A diet of Disney musicals as a child spurred Austrian-born composer Edwin Wendler’s interest in film music. Now 40, he most recently scored three horror films released appropriately in time for Halloween. In Austria, film music at
the time was considered subpar to the classical music tradition, so Wendler came to UCLA Extension to study film and music. His break came through an entry in the 48-Hour Film Festival, in which Wendler had two days to score a short project. The cinematographer remembered his results, and eventually referred Wendler to director Hank Braxtan––who gave Wendler a shot at scoring Unnatural.
The film’s editor then forwarded Wendler’s name, which again led to a gig: I Spit on Your Grave 3. Needless to say, word-of-mouth has worked for Wendler, who also worked on Little Fockers, Fear Factor and X-Men: Days of Future Past. “The most obvious thing is to not give up,” he says, after two decades of working in the industry. But he also recommends praise where it is due.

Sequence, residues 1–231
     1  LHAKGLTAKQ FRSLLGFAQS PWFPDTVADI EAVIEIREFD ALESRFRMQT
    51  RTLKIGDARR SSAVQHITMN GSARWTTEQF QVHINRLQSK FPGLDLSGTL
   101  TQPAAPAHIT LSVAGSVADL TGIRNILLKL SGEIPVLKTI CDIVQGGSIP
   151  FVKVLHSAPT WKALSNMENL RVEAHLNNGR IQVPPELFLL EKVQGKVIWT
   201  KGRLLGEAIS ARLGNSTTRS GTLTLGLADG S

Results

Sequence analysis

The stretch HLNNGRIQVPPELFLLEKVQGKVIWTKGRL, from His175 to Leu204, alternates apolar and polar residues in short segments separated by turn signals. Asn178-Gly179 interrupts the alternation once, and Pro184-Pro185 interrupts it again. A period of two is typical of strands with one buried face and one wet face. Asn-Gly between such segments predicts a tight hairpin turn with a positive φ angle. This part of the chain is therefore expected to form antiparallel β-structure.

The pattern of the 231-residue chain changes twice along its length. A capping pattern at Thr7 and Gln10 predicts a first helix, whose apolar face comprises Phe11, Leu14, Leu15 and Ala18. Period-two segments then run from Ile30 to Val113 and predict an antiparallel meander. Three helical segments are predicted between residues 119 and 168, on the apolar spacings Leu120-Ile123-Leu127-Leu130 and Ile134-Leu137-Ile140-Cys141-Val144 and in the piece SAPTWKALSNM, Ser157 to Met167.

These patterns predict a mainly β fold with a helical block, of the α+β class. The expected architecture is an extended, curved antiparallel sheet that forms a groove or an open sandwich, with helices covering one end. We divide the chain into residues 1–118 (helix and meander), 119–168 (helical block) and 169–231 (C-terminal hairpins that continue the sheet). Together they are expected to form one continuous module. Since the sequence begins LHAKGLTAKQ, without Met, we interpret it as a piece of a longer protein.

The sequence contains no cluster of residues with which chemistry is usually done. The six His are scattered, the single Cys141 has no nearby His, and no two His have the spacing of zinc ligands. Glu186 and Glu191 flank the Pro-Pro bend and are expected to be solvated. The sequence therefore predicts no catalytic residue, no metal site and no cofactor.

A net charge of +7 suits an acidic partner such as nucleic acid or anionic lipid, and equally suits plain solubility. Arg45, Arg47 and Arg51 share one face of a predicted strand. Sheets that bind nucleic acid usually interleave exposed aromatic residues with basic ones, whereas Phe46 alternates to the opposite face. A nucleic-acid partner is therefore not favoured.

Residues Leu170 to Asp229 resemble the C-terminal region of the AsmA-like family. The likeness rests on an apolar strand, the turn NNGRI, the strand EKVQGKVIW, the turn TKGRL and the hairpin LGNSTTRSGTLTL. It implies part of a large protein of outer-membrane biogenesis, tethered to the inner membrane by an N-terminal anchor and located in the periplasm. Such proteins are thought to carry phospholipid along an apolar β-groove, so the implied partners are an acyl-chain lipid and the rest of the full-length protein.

“Also seek out work you love. If you love the director’s work, they may have a great working relationship with another composer, in which case it would be weird to insert yourself, but you never know. Always be polite and kind and full of praise, exclusively when it’s honest.”
Young composers should connect with as many filmmakers as possible, Wendler adds, and they should use social media to help track them down and for communication purposes.
“I found a picture for David Weinstein’s profile,” he says. “It showed an image of a computer-generated character that was full of character and emotion, and I responded to it and asked if he was working on anything. Fortunately, that very day, David was looking for a composer. That’s how I worked on Azareus Rising. Every contact is a good contact.”
Most recent: I Spit on Your Grave 3, Unnatural, Tales of Halloween